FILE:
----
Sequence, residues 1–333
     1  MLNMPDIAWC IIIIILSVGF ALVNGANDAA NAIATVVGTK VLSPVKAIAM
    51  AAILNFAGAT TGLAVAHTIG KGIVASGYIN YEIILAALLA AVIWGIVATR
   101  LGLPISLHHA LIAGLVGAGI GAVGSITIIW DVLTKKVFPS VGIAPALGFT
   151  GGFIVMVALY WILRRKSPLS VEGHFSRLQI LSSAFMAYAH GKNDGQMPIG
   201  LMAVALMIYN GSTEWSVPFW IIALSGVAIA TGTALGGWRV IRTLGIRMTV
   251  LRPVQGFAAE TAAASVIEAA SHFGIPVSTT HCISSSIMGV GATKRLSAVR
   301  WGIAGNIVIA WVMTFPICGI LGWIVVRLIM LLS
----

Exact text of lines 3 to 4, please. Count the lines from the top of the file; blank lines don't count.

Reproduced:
    51  AAILNFAGAT TGLAVAHTIG KGIVASGYIN YEIILAALLA AVIWGIVATR
   101  LGLPISLHHA LIAGLVGAGI GAVGSITIIW DVLTKKVFPS VGIAPALGFT